Messaging in the Digital Age
Let’s work under the assumption that you’ve done your branding exercises. You’ve got an identity, you’ve settled for your values, identified your brand muscles, broken down your brand DNA to the smallest denominator, and established what type of personality you want your brand to convey. So, in other words, you’ve got your story. But how do you tell your narrative to the world?
In the pre-internet days, communications were pretty straight-forward, and more importantly, offline: print ads, outdoor advertising, some PR and trade shows – platforms that are considered ‘traditional’ now. However, that conversation was a one-way street. You essentially lectured your audience about your brand, with no type of ‘giveand-take’ whatsoever. With the advent of digital platforms and social media, the conversation is now key. Your message is now a source of engagement, and now you’ll have to work with a different set of rules. Today, content is not only king, it’s an absolute monarch; an unquestionable leader. The very fabric of digital means that marketing today is content-driven – what you say, how you say it, and where you say it can mean the difference between success and failure. Therefore, the rules have changed since the days of old. Now albeit, getting digital right is not a science; you’ll find that you’ll discover for yourself through trial and error what works and what doesn’t work. The below, however, will be helpful in getting your digital messaging off the ground:
DO NOT ADAPT YOUR OFFLINE ADS TO DIGITAL. This used to be the approach of many brands at the beginning of the digital era. A marketing plan was put together with budgets set for each channel that included “online”. Then a creative was worked on and “adapted” for digital. For example, a billboard on Sheikh Zayed Road would look the same as an ad on Facebook. That doesn’t make sense now, does it? Digital creative and content needs to be initiated with the digital channels in mind and not adapted from offline. Digital allows for conversations; offline doesn’t. So it’s important you tailor your content and visuals accommodate this.
ESTABLISH THE GROUND RULES. With digital, you’ll have multiple internal stakeholders that will have a keen interest in using social media for messaging. Digital may be used for PR, HR, marketing, customer service, and so forth. Therefore, having a social media policy is best practice. Your policy should include content guidelines, who has access to what, risk mitigation, and so forth. For example, do you know who handles questions/ comments? Who looks after getting the answers internally? And then who replies to the customer? Do you have a promise to your customers (e.g. always replying within x mins to any enquiry)?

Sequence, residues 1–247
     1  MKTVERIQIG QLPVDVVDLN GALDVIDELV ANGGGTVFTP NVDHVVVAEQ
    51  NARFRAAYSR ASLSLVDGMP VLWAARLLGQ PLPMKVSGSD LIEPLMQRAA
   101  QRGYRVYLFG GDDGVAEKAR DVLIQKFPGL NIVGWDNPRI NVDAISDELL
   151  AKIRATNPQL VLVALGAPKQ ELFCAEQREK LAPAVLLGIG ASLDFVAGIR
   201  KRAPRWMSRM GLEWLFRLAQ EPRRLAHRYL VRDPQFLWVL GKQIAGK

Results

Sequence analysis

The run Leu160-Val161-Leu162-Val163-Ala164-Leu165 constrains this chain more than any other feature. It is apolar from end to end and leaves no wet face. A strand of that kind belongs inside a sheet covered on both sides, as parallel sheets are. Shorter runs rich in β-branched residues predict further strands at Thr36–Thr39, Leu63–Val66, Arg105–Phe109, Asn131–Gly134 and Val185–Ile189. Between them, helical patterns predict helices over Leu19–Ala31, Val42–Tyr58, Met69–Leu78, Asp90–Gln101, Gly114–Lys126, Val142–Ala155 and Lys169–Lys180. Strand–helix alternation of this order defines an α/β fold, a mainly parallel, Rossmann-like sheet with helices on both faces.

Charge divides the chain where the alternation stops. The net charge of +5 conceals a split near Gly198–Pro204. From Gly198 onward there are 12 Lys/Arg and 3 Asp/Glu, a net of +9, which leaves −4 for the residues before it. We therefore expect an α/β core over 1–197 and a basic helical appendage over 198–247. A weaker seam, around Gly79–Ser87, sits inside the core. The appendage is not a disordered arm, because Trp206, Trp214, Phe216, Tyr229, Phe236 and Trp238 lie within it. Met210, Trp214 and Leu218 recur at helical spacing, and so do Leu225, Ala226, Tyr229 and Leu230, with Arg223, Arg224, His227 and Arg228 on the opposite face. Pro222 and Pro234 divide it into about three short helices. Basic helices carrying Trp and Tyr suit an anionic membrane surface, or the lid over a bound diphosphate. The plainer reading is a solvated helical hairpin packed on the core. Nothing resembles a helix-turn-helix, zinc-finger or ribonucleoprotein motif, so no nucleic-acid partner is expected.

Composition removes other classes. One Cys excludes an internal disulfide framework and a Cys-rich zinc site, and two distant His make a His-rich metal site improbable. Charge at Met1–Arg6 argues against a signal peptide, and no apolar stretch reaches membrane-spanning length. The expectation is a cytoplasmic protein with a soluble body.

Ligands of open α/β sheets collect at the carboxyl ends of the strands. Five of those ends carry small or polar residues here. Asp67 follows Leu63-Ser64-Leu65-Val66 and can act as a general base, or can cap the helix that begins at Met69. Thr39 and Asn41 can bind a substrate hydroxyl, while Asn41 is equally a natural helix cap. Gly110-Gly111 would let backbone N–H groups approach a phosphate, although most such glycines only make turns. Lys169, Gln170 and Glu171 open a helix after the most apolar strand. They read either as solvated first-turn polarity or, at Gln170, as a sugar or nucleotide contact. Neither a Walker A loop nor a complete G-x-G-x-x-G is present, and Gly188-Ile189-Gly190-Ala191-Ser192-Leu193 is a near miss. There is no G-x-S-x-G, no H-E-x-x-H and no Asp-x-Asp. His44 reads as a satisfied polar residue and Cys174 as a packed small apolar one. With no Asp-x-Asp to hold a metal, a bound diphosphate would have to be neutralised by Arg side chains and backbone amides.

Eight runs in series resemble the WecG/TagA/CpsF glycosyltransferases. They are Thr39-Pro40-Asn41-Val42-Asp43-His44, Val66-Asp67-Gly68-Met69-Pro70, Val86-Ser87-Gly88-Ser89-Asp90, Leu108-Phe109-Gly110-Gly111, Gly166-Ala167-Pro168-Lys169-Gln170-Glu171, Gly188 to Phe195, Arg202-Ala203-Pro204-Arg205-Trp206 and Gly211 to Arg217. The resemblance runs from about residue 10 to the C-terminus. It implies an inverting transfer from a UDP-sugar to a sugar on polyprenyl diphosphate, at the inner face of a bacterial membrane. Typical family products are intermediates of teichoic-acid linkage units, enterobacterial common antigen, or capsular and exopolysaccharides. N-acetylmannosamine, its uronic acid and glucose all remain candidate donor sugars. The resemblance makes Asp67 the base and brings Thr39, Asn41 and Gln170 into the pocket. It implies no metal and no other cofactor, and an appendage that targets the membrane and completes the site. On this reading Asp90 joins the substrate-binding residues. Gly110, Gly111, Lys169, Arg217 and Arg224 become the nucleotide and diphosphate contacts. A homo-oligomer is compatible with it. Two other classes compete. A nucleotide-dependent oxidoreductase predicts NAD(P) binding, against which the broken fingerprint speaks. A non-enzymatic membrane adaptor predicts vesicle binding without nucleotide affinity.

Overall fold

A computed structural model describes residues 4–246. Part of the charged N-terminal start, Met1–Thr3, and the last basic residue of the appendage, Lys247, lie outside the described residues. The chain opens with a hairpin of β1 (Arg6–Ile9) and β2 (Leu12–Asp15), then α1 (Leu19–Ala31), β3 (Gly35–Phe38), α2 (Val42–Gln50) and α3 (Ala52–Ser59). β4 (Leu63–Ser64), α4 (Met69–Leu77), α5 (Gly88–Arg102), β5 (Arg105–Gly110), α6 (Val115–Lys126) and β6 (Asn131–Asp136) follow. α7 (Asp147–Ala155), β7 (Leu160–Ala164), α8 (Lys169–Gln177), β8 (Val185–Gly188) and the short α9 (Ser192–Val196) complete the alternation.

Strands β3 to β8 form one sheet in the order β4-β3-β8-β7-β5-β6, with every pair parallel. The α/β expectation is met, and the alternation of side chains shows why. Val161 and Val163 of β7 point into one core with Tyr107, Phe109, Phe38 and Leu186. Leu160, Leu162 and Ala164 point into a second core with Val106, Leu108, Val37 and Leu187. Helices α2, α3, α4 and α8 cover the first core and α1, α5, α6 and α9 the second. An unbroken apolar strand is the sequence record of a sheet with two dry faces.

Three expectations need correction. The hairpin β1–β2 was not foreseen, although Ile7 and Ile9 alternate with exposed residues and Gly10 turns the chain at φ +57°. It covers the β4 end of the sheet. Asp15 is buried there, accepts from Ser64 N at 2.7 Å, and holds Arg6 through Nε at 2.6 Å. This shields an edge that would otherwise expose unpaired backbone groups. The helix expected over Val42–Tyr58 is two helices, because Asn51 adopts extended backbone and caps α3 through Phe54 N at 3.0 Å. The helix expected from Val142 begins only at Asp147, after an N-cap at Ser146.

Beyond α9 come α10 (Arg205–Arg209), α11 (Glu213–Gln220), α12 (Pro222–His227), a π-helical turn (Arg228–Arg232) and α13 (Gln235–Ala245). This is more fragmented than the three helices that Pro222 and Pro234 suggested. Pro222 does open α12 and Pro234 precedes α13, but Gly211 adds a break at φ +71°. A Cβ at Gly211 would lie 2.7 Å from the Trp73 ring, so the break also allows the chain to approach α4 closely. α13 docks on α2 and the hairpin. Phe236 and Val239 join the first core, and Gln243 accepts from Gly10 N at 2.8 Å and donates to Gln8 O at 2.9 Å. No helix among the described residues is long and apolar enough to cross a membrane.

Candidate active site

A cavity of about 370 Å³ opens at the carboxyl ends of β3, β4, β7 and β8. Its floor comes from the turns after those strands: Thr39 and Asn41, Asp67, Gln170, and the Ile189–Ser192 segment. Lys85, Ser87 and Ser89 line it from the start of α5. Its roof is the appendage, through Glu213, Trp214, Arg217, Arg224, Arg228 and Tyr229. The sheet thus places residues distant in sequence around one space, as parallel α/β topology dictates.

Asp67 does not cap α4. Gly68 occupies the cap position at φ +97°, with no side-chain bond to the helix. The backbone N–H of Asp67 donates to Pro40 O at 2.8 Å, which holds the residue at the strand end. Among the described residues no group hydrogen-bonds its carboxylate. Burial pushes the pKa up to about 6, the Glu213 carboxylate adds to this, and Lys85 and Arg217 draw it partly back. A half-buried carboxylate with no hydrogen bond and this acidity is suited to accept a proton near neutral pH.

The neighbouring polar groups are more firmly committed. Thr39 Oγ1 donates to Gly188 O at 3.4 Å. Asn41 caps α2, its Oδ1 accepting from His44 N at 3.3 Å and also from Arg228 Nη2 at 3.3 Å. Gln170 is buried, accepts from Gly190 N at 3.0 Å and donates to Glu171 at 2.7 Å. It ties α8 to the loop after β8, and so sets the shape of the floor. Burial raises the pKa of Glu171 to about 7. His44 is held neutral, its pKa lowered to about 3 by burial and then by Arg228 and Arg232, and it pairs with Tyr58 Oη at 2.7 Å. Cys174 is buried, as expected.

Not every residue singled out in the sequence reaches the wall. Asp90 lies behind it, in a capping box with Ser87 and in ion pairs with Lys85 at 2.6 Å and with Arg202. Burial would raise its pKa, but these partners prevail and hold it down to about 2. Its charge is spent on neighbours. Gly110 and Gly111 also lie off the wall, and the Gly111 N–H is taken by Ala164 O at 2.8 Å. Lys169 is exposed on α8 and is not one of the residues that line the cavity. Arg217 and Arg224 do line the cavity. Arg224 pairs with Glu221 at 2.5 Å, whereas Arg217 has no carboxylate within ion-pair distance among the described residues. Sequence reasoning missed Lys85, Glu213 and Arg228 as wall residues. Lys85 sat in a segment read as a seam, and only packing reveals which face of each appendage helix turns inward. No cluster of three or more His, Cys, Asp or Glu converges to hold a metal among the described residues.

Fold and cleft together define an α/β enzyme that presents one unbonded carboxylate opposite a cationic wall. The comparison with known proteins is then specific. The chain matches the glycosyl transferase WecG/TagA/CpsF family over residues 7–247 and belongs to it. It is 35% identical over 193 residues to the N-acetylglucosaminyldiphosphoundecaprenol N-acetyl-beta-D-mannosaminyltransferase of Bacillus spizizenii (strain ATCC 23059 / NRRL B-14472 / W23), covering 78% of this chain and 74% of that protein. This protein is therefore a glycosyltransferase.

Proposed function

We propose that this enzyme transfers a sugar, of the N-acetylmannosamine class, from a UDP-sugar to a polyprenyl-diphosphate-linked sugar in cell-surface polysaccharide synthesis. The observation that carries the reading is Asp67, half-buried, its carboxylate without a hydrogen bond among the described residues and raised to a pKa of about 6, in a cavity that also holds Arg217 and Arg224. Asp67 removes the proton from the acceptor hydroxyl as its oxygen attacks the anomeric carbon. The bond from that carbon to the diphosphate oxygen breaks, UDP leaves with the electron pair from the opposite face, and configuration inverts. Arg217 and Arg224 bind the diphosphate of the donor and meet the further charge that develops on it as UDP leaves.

A policy ensures that there are no questions of what to do should something out of the ordinary happen and establishes everyone’s roles within your organization.
CHOOSE YOUR DIFFERENT DIGITAL CHANNELS WISELY. Mapping out what is relevant to your brand in terms of channels requires a deep understanding of your customer base. For example, do your customers typically search for your product/service on a search engine? If so, then Google AdWords would be a good start. Do you focus on a young, millennial audience? Then social media is your way forward.
USE ONLY WHAT IS RELEVANT. And the key word here is ‘relevant’. If your brand, for example, sells CRM systems to banks, you don’t need Instagram nor Snapchat as it’s not a visually-driven product. In this case, something like LinkedIn or Facebook would work. Just because ‘everyone else is doing it’ doesn’t mean you should. Be smart about where you want the conversation about your brand to take place.
DON’T FORGET YOU’RE TALKING TO PEOPLE. The beauty of social media is that it really allows your brand personality to really come out. So, it is in your benefit to talk to your audience as if they were your friends. Don’t use big words as this risk you are being branded as arrogant. Speak to your audience in same way YOU like to be spoken to. Whether your brand is B2C or B2B, you are still talking to a person on the other end. Whatever your brand is, it is always B2H – business to human. If the person at the other end wears fine tailoredsuits or, alternatively, a t-shirt and cargo shorts, they are still people. Brands that fail to recognize this are doomed to failure.
IT’S ALL ABOUT TIMING. Based on your analytics and insight, when is your audience most active online? This is when you want to push your messaging. And do make sure that your content is relevant to the time of day or day of the week – that all but ensures an increase in engagement. Your core message never changes depending on the platform; it’s only the delivery that differs. With digital platforms, not only do people listen – but they respond. As you are trying to build traction with your brand, make sure to keep the conversation going online. It’s not easy and it can be a steep learning curve, but the rewards – when done right – far outweigh the risks.
By Dunia Othman
Co-Founder of mr.Usta